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Bernie Nussbaum last week fulfilled every hinterlander's fondest dream of the New York stereotype, accent and all. Assertive and combative, he held his ground and testified to Senate Republicans prepped to play on Middle American preconceptions, that he had acted ethically and properly as White House counsel in blocking official attempts two years ago to examine the papers of Vincent Foster, his deputy and the Clintons' close friend, who had just committed suicide.

Nussbaum stated that his first duty was to his client, the president, to preserve the privacy of those papers lest they compromise confidential personal matters as well as executive privilege.It was a ringing defense, made as both houses of Congress held separate hearings into Whitewater and the Foster suicide. The hearings resembled nothing so much as an opening act of the 1996 presidential campaign. Republicans strained in their attempts to make political hay while Democrats were obsessive in their defensive blocking.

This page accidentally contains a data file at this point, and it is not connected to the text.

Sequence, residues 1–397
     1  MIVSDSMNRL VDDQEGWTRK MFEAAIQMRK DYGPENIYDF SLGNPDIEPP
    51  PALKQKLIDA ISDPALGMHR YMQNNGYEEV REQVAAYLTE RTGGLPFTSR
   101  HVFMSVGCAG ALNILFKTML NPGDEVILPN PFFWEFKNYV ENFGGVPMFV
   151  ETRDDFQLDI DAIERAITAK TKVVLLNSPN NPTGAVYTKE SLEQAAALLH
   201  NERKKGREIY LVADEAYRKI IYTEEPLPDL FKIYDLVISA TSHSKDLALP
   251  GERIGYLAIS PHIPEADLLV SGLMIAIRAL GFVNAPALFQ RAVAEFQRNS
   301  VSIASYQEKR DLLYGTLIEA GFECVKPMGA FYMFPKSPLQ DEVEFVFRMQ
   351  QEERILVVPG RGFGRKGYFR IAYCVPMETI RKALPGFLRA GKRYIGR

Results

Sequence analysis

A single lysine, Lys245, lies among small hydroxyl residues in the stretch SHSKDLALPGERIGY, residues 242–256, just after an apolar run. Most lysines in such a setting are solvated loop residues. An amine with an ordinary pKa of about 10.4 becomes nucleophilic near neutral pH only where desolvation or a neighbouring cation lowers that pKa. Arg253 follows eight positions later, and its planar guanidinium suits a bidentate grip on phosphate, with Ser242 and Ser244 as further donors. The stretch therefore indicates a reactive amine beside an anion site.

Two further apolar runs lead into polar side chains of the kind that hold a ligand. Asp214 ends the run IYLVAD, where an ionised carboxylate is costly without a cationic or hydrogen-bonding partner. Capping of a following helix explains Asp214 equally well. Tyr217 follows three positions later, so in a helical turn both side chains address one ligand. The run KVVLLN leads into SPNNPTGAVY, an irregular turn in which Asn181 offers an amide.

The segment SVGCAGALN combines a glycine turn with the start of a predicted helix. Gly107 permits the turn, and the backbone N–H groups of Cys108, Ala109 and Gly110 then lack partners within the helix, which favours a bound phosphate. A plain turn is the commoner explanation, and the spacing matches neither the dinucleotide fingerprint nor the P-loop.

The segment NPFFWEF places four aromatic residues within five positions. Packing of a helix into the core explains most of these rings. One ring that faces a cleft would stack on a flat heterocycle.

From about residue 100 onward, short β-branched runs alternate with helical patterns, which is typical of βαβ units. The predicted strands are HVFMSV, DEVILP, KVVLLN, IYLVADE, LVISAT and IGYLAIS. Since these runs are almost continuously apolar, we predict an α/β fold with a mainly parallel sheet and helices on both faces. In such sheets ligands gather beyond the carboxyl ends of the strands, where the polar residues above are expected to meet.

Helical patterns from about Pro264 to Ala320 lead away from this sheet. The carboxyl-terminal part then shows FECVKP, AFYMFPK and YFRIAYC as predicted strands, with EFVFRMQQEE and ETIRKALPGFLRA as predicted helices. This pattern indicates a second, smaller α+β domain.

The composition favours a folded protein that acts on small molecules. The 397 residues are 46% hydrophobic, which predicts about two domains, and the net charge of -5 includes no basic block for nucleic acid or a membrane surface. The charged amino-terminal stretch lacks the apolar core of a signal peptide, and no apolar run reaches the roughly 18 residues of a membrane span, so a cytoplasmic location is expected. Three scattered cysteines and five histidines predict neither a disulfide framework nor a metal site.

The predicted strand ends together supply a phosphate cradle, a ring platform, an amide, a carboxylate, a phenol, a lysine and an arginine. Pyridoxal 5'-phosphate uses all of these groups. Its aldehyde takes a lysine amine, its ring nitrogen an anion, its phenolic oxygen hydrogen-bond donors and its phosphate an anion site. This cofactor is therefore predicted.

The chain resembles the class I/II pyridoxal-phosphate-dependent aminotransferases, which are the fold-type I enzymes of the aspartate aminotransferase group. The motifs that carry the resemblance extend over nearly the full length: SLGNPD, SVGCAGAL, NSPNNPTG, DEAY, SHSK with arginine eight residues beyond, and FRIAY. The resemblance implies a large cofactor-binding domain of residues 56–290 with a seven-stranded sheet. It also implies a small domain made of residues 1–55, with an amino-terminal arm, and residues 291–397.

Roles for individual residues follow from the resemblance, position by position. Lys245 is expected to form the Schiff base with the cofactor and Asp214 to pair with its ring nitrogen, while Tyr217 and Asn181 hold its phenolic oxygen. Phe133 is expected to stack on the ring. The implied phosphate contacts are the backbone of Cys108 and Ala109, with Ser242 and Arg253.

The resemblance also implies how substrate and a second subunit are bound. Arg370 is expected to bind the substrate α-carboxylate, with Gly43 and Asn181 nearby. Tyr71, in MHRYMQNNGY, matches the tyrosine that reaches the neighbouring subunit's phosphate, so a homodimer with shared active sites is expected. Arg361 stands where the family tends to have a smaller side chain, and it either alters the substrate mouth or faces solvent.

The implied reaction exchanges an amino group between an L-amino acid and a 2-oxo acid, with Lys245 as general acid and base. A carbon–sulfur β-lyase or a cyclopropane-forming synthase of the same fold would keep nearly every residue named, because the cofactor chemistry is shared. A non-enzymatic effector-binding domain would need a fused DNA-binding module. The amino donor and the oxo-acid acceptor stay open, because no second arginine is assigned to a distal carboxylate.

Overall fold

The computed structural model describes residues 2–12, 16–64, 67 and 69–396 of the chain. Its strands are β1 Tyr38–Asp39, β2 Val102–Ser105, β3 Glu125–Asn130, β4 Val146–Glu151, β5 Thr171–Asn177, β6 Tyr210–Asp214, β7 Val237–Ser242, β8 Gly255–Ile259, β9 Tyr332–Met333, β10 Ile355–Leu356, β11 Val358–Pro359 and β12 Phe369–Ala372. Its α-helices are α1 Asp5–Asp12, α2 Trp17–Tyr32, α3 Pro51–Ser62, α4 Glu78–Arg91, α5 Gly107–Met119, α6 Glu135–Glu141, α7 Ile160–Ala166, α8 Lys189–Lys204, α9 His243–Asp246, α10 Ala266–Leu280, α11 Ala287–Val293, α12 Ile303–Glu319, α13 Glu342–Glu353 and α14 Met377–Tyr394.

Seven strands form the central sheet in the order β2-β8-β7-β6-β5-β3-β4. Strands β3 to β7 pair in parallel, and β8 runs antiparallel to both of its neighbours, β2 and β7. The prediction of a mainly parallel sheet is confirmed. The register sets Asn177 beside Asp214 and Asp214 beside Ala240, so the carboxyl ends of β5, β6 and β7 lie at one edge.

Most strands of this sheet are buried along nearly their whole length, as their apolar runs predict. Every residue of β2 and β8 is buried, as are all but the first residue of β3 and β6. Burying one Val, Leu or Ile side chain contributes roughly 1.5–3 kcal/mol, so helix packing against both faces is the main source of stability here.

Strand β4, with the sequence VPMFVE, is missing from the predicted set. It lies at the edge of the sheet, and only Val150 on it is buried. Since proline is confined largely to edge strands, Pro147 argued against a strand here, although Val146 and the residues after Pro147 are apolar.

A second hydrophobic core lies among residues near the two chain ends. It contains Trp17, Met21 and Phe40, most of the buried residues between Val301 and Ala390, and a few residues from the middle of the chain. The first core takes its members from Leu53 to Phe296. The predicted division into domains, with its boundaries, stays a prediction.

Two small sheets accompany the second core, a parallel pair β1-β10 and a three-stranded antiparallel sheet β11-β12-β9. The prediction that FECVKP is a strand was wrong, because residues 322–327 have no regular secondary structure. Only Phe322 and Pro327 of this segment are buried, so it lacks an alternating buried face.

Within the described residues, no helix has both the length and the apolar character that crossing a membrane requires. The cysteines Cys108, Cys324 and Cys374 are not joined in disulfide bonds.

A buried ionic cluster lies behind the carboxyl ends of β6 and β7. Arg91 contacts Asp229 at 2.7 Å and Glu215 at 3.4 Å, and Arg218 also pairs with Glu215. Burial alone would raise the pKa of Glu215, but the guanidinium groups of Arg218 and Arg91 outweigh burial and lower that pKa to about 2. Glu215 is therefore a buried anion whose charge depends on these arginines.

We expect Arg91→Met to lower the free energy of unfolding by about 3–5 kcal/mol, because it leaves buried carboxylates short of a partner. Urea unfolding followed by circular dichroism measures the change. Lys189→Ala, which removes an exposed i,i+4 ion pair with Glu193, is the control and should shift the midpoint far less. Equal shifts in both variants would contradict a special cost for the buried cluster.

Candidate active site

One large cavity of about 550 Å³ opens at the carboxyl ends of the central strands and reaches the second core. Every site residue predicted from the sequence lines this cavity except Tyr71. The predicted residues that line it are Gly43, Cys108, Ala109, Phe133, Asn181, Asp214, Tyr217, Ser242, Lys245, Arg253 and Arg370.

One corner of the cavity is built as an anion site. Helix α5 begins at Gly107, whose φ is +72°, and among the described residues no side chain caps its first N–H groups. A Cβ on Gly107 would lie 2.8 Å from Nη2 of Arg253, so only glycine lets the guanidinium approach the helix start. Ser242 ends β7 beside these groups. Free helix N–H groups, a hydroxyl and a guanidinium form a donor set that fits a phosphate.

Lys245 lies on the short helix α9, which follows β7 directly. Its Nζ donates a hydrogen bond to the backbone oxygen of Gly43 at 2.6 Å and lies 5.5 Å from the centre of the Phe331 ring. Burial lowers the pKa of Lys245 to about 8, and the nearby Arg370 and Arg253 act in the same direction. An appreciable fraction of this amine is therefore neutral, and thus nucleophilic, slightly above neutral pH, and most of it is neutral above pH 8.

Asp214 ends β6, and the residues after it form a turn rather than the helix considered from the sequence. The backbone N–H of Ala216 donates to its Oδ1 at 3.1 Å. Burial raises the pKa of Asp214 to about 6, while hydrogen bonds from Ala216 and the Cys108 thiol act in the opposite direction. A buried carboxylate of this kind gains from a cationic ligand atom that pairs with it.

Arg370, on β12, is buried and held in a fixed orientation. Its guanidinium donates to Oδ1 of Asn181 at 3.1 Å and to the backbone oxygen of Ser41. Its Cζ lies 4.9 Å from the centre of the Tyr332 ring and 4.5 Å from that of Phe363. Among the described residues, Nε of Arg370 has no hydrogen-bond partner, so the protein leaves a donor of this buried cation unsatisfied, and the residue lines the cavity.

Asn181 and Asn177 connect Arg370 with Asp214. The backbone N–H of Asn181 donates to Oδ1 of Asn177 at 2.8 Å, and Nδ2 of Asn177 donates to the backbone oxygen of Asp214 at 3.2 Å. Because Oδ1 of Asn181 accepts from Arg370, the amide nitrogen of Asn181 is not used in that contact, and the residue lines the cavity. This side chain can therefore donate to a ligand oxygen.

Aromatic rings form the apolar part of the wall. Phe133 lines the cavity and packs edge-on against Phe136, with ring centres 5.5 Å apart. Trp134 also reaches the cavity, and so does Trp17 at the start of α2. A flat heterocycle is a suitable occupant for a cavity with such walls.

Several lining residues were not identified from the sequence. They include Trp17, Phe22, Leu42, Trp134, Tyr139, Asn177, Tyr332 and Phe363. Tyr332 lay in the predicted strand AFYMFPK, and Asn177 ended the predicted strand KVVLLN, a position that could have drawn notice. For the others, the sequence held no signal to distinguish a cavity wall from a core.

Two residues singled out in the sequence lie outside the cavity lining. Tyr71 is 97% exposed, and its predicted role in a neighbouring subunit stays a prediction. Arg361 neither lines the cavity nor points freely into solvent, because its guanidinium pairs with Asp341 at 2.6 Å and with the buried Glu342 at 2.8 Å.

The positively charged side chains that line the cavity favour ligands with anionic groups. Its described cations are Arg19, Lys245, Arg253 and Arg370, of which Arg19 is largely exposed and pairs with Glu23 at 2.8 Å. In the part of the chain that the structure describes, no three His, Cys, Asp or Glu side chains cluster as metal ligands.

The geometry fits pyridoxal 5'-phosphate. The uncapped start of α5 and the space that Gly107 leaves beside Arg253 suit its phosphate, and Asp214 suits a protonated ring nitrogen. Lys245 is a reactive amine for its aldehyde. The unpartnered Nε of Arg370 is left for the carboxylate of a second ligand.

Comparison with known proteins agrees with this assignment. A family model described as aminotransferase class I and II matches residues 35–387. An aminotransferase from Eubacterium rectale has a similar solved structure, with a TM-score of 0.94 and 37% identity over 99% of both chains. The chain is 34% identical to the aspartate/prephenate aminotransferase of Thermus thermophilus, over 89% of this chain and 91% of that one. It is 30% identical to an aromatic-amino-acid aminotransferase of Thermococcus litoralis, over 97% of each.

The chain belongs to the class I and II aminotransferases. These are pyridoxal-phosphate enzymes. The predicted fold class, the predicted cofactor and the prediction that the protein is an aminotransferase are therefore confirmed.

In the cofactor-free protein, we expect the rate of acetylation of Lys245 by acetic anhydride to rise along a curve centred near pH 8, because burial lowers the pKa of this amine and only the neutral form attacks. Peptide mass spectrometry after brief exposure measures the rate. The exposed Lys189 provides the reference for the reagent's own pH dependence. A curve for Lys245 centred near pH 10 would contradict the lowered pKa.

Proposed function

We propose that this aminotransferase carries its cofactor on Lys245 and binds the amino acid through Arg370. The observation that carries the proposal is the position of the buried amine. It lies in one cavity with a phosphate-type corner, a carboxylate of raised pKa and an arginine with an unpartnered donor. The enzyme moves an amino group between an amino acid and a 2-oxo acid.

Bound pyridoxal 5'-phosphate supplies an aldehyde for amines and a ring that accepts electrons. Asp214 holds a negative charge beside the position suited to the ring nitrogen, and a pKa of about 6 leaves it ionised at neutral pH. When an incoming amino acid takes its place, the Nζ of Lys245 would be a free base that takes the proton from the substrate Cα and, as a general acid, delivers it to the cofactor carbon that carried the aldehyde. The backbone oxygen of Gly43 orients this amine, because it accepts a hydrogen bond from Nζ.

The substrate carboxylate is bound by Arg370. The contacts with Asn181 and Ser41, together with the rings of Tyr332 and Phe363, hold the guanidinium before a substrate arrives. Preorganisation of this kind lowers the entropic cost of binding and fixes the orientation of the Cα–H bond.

It was not anyone's finest hour, but it served a purpose. Yet again, it taught that hoary lesson: No government is likely to honestly investigate itself.